Archives For faithfulness

Tombstones of Grace

randomlychad  —  October 12, 2012 — 10 Comments

'* Tombstone *' photo (c) 2006, ParĂ©e - license: of grace? What does that mean? Aren’t tombstones more
readily associated with graves–rather than grace?

Yes, that’s true. But there are tombstones of grace, too.

If we look back over our lives, we each can usually more clearly see
where God moved. As the saying goes, “Hindsight is 20/20.”

Looking back, we see what He did, where He moved, how He touched us.

But we can’t go back–we can’t live in those places. To do so is like
living in a graveyard: because that’s where God was–not where He is

Yet there is strength in looking back, because in seeing where He
moved before we are encouraged for the now, and for the road ahead.
That He moved before gives us faith that He will do so again.

For me, this means that I can look back over the five hundred-plus
posts on my blog, and see the grace with which He met me on every one,
and derive strength for the road ahead as I work offline on a longer
form project.

He met me–and will do so again.

He will do the same for you.

So I encourage you to look back at your own “tombstones” of grace, and
draw strength, faith, and courage for the road ahead.

What are some of your “tombstones?” What are you working on now?

What? you’re thinking. It’s Friday, Friday. Gotta get…

Oh, never mind. Rebecca Black was so last month. 😉

Anyway, it’s Friday–why is he running a Wednesday Haterade piece today? I tell you why:

I’ve reserved a special spot in my shriveled little grinchy heart of choice vitriol for a special lady:

My wife.

Continue Reading…

>eternityphoto © 2007 Rick Audet | more info (via: Wylio)

Since I’ve been eating differently, I’ve also been exercising. And by exercising I mean that I walk the stairs at work. Twenty-two flights of stairs. I figure the smokers get their smoke breaks–why not a health break, right? Thus, I try to go up the stairs three times a day, five days a week.

When I first started, I huffed and puffed, and was generally out of breath; now, my legs don’t really get tired, nor am I nearly as winded. It’s not gripping–it’s not a nature walk, or a hike, but I guess it counts for something, right?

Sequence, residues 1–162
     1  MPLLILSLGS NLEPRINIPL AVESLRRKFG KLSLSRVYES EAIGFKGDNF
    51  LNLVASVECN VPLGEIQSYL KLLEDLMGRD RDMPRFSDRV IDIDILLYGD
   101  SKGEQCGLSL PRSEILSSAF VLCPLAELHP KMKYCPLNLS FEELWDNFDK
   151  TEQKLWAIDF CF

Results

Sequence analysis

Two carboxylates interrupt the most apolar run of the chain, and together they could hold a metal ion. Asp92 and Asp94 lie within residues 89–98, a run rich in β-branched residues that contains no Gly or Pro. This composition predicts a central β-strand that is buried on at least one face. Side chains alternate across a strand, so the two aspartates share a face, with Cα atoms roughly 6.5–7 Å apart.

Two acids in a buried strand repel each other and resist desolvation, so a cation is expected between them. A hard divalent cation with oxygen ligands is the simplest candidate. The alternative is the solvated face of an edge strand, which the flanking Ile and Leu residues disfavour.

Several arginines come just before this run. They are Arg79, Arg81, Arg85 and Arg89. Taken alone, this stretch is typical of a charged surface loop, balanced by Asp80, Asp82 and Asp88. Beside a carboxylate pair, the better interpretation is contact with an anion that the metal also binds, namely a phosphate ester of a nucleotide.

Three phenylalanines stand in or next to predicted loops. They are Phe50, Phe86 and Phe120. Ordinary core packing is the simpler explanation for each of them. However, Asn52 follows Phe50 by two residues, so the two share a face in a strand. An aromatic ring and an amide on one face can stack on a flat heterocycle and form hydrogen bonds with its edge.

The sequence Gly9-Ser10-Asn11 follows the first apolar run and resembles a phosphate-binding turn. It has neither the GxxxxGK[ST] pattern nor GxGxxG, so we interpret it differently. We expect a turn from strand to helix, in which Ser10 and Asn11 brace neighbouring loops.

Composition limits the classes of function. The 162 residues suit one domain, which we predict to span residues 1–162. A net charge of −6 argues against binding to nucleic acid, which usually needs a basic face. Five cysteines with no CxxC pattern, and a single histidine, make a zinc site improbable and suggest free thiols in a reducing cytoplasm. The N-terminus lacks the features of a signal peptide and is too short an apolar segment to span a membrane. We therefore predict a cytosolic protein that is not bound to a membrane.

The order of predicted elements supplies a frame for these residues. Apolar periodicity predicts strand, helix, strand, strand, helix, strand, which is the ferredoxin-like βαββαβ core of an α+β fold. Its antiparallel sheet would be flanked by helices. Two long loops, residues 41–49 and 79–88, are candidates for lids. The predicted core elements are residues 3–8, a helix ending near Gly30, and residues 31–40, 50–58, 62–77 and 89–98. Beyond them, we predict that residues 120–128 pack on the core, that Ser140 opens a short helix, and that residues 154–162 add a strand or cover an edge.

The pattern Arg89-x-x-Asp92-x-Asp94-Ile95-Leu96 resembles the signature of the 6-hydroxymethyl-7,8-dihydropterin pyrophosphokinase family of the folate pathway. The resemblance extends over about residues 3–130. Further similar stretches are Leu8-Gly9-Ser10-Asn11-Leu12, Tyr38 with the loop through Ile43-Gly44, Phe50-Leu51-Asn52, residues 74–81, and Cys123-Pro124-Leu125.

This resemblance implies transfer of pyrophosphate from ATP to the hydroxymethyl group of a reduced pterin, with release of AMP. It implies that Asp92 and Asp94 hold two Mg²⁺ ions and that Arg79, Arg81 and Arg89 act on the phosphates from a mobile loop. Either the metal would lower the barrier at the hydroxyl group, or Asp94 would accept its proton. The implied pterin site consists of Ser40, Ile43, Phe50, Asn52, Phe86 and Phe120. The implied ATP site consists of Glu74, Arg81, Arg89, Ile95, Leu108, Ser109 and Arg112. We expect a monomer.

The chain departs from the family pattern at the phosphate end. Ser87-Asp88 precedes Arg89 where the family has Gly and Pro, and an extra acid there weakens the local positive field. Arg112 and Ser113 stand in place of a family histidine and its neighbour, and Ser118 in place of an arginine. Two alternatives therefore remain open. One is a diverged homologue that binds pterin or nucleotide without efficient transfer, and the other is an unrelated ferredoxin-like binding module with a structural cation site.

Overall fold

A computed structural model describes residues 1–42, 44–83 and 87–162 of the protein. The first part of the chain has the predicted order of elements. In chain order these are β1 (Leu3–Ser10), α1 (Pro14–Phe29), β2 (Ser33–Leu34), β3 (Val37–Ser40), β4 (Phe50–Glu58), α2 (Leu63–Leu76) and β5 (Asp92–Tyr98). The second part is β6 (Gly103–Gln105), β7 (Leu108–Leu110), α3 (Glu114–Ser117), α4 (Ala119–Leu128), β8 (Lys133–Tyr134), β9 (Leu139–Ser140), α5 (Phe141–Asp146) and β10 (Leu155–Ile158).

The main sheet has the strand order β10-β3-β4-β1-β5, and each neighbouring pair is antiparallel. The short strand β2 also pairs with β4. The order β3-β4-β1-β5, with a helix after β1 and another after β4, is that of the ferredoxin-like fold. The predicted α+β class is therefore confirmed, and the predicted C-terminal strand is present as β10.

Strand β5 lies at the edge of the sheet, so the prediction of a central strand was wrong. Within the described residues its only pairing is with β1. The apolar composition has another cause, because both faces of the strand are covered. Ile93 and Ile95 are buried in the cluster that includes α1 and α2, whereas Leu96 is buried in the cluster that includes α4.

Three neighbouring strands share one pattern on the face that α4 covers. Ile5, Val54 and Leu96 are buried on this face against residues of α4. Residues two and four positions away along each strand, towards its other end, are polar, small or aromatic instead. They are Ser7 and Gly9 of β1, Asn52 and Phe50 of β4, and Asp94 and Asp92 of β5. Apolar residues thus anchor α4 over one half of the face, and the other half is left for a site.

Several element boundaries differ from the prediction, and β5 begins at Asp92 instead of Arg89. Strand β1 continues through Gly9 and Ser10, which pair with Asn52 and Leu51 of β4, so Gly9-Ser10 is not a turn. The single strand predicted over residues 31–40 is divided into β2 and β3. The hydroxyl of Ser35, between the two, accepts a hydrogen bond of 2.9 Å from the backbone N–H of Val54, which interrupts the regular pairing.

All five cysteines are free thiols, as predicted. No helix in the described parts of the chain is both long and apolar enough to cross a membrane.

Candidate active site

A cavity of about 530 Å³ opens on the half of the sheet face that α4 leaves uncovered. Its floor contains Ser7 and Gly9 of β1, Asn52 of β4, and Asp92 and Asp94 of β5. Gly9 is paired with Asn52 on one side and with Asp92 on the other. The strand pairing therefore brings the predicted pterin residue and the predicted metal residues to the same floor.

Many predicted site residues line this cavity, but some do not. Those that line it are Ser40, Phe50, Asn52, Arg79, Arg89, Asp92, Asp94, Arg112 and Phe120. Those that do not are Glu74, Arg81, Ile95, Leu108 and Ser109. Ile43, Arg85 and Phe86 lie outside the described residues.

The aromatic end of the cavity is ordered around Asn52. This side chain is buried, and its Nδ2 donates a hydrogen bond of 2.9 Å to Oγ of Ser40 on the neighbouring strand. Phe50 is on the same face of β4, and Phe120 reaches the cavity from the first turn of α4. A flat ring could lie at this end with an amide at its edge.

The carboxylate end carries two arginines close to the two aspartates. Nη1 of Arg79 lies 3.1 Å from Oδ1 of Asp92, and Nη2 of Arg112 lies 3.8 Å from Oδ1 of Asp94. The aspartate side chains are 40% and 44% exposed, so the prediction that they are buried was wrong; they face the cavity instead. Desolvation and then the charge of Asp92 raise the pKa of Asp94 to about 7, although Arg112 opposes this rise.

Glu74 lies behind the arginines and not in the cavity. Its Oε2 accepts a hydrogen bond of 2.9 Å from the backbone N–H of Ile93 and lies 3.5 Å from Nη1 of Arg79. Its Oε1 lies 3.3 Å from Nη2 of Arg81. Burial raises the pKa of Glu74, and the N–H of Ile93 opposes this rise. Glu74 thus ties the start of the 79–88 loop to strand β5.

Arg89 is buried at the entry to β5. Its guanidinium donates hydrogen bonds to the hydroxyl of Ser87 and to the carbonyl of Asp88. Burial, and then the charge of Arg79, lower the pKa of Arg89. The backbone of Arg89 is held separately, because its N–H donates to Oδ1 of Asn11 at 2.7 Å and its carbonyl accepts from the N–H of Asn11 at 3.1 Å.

For the longest time, it took me seven minutes to get to the top of those twenty-two flights; now, I’ve mostly got it down to six. That’s right, six minutes to the top. I know, this from a self-avowed “hater of exercise.” I can hardly believe it myself.

Sometimes, though, ok, a lot of times, it feels like a walk to nowhere. The weight isn’t coming off as fast as it was. The exercise is monotonous, tedious.

Sometimes–a lot of times–my faith feels like this, too. A walk to nowhere. The Bible is stale, dry, God seems distant, silent. I wonder the value of this exercise of faith. Where does it get me? Where will it lead me?

It’s like trying to climb Jacob’s ladder, and endless rungs are continuously being added. I never reach the top.

Do you ever feel that way?

But then I guess I’m not supposed to reach the top here, in this life, right? We don’t reach the top, right? A lifelong faith walk takes a little longer than six minutes to get to its destination.

And maybe that’s what it’s about–the exercise of the faith: I won’t arrive–we won’t arrive–at our soul’s destination until the mortal coil has been shuffled off.

Just as my faithful pursuit of physical exercise will reap some eventual rewards–a healthier body–so, too, will the faithful exercise of faith. Especially through the dry times. It’s not easy, but has its own rewards.

Maybe that’s what God wants: faithfulness. In season, and out.

As it says in the liturgy:

“O God, the protector of all who trust in you,
without whom nothing is strong, nothing is holy:
Increase and multiply upon us your mercy;
that, with you as our ruler and guide,
we may so pass through things temporal,
that we lose not the things eternal;
through Jesus Christ our Lord, who lives and reigns with you
and the Holy Spirit, one God, for ever and ever.

What’s your experience been? How do you handle the dry seasons?